To that end, plaintiffs' amended complaint explicitly alleged that “Polit was acting within the scope of his employment as a district manager employed by ․ ADP when he published the defamatory statements against [p]laintiffs.” Assuming, arguendo, that this assertion alone is too conclusory to state a cause of action against ADP premised on respondeat superior liability (see generally Dominski v. Frank Williams & Son, LLC, 46 AD3d 1443, 1444 [4th Dept 2007]), we conclude that plaintiffs sufficiently pleaded the existence of respondeat superior liability through other allegations, including, among other things, that Polit visited Crave for the sole purpose of soliciting plaintiffs to enter into a payroll service agreement with ADP, that Polit represented himself as ADP's district manager and requested Crave's business and payroll records in order to provide Crave with a quote for ADP's services, that the post was based on Polit's review of those records, that ADP encouraged Polit to use social media in connection with his sales work, that Polit published the post during regular business hours, and that ADP was aware of Polit's use of Facebook and authorized his conduct. Furthermore, we conclude that, with respect to ADP, plaintiffs sufficiently alleged the other necessary elements of their first cause of action (see generally Rinaldi v. Holt, Rinehart & Winston, 42 NY2d 369, 379 [1977], rearg denied 42 NY2d 1015 [1977], cert denied 434 US 969 [1977]; D'Amico v. Correctional Med. Care, Inc., 120 AD3d 956, 962 [4th Dept 2014]; Zetes v. Stephens, 108 AD3d 1014, 1018-1019 [4th Dept 2013]). We therefore modify the order accordingly.

We reject plaintiffs' contention, however, that the court erred in dismissing their remaining causes of action against ADP. The court properly dismissed plaintiffs' second cause of action, alleging, inter alia, intentional infliction of emotional distress, against ADP inasmuch as that cause of action was based on the same facts as, and was duplicative of, plaintiffs' first cause of action (see Napoli v. New York Post, 175 AD3d 433, 434 [1st Dept 2019], lv denied 35 NY3d 906 [2020]; Matthaus v. Hadjedj, 148 AD3d 425, 425 [1st Dept 2017]; Dec v. Auburn Enlarged School Dist., 249 AD2d 907, 908 [4th Dept 1998]). The court also properly dismissed plaintiffs' third cause of action, alleging breach of fiduciary duty, against ADP. A fiduciary relationship “ ‘exists between two persons when one of them is under a duty to act for or to give advice for the benefit of another upon matters within the scope of the relation,’ ” and requires “a higher level of trust than normally present in the marketplace between those involved in arm's length business transactions” (EBC I, Inc. v. Goldman, Sachs & Co., 5 NY3d 11, 19 [2005]). “ ‘If the parties ․ do not create their own relationship of higher trust, courts should not ordinarily transport them to the higher realm of relationship and fashion the stricter duty for them’ ” (id. at 20). Here, plaintiffs failed to sufficiently allege the existence of a fiduciary relationship and instead merely alleged a single incident of sales solicitation by ADP.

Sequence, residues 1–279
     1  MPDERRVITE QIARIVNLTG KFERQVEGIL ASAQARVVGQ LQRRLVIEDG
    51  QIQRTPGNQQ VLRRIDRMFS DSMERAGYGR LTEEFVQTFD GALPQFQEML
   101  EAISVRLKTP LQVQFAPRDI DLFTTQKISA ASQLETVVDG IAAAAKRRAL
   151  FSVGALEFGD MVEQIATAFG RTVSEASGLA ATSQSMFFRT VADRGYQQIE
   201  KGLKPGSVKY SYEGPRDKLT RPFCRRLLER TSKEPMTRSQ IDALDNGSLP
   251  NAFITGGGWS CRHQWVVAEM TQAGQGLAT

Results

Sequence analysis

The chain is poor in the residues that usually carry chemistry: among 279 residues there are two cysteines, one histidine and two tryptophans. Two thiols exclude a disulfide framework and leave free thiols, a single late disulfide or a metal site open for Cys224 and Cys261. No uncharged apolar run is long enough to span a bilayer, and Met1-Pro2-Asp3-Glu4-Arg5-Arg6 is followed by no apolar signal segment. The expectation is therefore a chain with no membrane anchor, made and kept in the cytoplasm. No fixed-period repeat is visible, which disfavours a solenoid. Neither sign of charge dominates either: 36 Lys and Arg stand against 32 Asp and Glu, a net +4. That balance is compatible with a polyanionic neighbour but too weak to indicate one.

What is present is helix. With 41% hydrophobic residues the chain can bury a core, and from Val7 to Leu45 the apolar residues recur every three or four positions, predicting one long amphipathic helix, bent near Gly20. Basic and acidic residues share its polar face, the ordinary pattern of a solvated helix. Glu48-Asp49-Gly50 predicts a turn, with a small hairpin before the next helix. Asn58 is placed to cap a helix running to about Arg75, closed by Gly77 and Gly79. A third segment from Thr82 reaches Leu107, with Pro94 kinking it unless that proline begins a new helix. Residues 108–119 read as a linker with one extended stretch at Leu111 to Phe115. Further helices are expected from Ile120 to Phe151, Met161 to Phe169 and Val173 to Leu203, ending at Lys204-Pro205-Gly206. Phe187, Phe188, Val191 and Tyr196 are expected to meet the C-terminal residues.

Lastly, the court properly dismissed plaintiffs' fourth cause of action, alleging negligent supervision, hiring, retention, and training, against ADP inasmuch as the amended complaint alleged that Polit had acted within the scope of his employment (see Medical Care of W. N.Y. v. Allstate Ins. Co., 175 AD3d 878, 880 [4th Dept 2019]; Walden Bailey Chiropractic, P.C., 173 AD3d at 1807; Passucci v. Home Depot, Inc., 67 AD3d 1470, 1472 [4th Dept 2009]).